Gender balance at SVPCA
September 17, 2014
I’ve always thought of SVPCA as a pretty well gender-balanced conference: if not 50-50 men and women, then no more than 60-40 slanted towards men. So imagine my surprise when I ran the actual numbers.
1. Delegates. I went through the delegate list at the back of the abstracts book, counting the men and women. Those I knew, or whose name made it obvious, I noted down; the half-dozen that I couldn’t easily categorise, I have successfully stalked on the Internet. So I now know that there were 39 women and 79 men — so that women made up 33% of the delegates, almost exactly one third.
2. Presentations. There were a total of 50 presentations in the three days of SVPCA: 18 on days 1 and 3, and 14 on day 2, which had a poster session in place of the final session of four talks. I counted the presenters (which were usually, but not always, the lead authors). Here’s how the number of talks by women broke down:
Day one: 2 of 18
Day two: 8 of 14
Day three: 3 of 18
In total, this gives us 13 of 50 talks by women, or 26%.
3. Presenter:delegate ratios. Since 37 of the 79 attending men gave talks, that’s 47% of them; but only 13 of the 39 attending women gave talks, which is 33%. On other words, a man attending SVPCA was 40% more likely to give a talk than a woman.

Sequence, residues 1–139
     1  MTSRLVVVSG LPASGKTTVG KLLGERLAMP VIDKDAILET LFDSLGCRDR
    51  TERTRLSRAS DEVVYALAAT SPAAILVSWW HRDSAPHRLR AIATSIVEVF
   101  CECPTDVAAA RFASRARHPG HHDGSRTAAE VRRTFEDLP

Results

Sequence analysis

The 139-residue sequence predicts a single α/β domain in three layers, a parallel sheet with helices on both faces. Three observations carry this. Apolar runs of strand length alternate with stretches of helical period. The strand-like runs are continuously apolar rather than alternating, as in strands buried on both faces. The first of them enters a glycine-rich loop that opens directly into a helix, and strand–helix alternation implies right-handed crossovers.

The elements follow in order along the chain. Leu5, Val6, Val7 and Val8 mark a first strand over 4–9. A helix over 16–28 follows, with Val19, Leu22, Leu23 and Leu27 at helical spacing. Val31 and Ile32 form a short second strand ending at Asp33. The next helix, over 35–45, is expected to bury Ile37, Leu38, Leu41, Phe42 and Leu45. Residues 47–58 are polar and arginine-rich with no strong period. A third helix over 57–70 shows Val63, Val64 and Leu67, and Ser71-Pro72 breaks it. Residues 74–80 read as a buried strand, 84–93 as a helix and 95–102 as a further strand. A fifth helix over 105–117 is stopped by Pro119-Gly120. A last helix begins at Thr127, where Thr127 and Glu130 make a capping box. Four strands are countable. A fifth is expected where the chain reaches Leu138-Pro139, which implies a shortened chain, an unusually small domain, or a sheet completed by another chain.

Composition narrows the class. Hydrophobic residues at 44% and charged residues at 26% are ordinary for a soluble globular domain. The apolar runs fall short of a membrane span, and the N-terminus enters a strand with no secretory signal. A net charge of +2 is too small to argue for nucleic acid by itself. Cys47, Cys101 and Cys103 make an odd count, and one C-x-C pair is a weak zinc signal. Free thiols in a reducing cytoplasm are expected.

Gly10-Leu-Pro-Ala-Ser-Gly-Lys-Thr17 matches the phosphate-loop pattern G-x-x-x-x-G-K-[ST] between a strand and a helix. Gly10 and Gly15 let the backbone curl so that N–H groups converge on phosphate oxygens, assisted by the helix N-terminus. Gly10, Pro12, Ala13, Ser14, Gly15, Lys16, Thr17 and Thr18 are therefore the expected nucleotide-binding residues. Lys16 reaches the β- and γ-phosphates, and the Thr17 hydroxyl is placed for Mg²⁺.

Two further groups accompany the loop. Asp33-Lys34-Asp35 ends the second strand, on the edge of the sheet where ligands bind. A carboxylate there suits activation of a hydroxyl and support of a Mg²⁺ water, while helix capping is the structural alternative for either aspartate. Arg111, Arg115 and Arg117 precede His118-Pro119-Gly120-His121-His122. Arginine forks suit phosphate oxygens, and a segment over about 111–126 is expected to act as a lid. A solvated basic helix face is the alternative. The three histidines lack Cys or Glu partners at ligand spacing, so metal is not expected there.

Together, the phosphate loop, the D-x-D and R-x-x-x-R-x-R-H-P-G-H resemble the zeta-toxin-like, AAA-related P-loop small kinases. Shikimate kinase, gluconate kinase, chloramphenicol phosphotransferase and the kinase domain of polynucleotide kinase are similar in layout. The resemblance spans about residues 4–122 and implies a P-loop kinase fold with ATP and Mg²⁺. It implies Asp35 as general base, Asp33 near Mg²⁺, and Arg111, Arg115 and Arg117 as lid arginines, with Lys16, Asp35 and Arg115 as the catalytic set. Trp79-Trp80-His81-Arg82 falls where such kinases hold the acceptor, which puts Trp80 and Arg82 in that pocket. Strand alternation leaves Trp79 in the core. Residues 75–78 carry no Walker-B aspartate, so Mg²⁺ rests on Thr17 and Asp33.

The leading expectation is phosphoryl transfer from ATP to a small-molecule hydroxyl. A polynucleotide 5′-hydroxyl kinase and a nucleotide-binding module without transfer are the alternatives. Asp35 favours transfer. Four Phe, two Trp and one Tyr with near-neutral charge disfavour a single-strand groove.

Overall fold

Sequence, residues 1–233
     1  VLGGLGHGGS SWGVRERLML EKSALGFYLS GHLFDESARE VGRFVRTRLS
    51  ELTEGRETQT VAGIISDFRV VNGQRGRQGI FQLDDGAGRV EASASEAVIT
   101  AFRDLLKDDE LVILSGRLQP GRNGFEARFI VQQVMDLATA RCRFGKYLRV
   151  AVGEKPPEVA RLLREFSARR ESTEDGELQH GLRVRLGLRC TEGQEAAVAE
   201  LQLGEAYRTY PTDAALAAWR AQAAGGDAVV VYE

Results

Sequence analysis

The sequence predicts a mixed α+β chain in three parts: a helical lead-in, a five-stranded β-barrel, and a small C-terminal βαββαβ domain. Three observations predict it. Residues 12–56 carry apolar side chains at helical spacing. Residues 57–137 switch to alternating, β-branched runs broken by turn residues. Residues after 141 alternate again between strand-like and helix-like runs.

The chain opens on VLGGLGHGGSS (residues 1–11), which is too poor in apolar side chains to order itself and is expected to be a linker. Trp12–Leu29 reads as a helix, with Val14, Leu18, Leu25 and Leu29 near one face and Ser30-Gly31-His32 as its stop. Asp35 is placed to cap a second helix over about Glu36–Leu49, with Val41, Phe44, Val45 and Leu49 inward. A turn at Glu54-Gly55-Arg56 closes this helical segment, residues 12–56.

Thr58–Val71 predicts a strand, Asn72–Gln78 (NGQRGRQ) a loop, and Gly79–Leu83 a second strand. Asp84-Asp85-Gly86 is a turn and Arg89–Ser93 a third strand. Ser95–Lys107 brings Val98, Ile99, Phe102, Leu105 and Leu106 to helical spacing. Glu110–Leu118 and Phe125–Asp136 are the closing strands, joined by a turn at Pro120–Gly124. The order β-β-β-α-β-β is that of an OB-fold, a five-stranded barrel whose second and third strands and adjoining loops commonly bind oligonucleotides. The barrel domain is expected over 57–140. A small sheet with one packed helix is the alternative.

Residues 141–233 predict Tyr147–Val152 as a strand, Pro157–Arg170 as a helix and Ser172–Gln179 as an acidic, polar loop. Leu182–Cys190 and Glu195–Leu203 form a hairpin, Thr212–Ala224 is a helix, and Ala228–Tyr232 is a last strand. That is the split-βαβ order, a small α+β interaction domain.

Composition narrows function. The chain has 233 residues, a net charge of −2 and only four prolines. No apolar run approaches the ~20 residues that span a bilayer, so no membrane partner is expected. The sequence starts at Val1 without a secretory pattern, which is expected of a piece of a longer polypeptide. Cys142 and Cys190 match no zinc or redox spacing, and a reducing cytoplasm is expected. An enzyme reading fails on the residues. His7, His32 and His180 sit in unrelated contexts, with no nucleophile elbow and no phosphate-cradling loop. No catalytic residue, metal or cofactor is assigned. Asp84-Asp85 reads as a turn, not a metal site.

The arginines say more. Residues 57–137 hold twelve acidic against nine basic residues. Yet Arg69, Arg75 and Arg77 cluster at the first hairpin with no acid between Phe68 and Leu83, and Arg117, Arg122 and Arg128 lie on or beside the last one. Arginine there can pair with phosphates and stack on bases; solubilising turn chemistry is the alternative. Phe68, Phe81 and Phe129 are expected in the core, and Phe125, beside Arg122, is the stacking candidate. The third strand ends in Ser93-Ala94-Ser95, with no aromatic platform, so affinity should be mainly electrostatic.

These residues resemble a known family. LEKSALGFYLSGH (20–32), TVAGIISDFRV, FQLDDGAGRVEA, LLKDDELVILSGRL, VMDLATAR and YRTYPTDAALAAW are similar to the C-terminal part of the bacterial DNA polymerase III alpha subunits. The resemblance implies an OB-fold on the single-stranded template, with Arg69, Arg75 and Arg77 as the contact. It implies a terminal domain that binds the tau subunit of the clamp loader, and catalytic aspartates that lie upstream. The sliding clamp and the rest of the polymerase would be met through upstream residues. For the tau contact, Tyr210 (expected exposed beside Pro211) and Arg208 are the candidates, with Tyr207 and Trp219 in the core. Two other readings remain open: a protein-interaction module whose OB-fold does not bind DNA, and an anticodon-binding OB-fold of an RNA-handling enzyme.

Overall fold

I’m not sure what to make of all this. I was shocked when I found that only one ninth of the first day’s talks were by women. It’s a statistical oddity that women actually dominated day two, but day three was nearly as unbalanced as day one.
Since SVPCA accepts pretty much every submitted talk, the conference itself can’t be blamed for the imbalance. (At least, not unless you think the organisers should turn down talks by men just because they’re men, leaving blank spots in the program.) It seems that the imbalance more likely reflects that of the field in general. Maybe more disturbing is that the proportion of women giving talks was rather less than the proportion attending (26% vs. 33%) which suggests that perhaps women feel more confident about attending than about presenting.
It would be interesting to know how these numbers compare with SVP’s.